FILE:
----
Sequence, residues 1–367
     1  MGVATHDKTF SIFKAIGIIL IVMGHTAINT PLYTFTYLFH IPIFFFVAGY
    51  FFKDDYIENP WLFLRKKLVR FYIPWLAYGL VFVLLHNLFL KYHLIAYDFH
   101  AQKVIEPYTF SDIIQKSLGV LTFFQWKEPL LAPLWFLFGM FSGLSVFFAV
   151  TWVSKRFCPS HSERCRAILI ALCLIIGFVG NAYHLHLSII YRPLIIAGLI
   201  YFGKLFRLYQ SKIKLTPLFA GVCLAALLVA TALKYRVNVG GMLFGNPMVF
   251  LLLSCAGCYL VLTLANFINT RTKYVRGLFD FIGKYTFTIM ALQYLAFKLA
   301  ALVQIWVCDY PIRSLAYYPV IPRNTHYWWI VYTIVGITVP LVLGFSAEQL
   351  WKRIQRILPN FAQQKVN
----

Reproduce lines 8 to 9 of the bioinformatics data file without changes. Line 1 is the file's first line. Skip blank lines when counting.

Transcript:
   301  ALVQIWVCDY PIRSLAYYPV IPRNTHYWWI VYTIVGITVP LVLGFSAEQL
   351  WKRIQRILPN FAQQKVN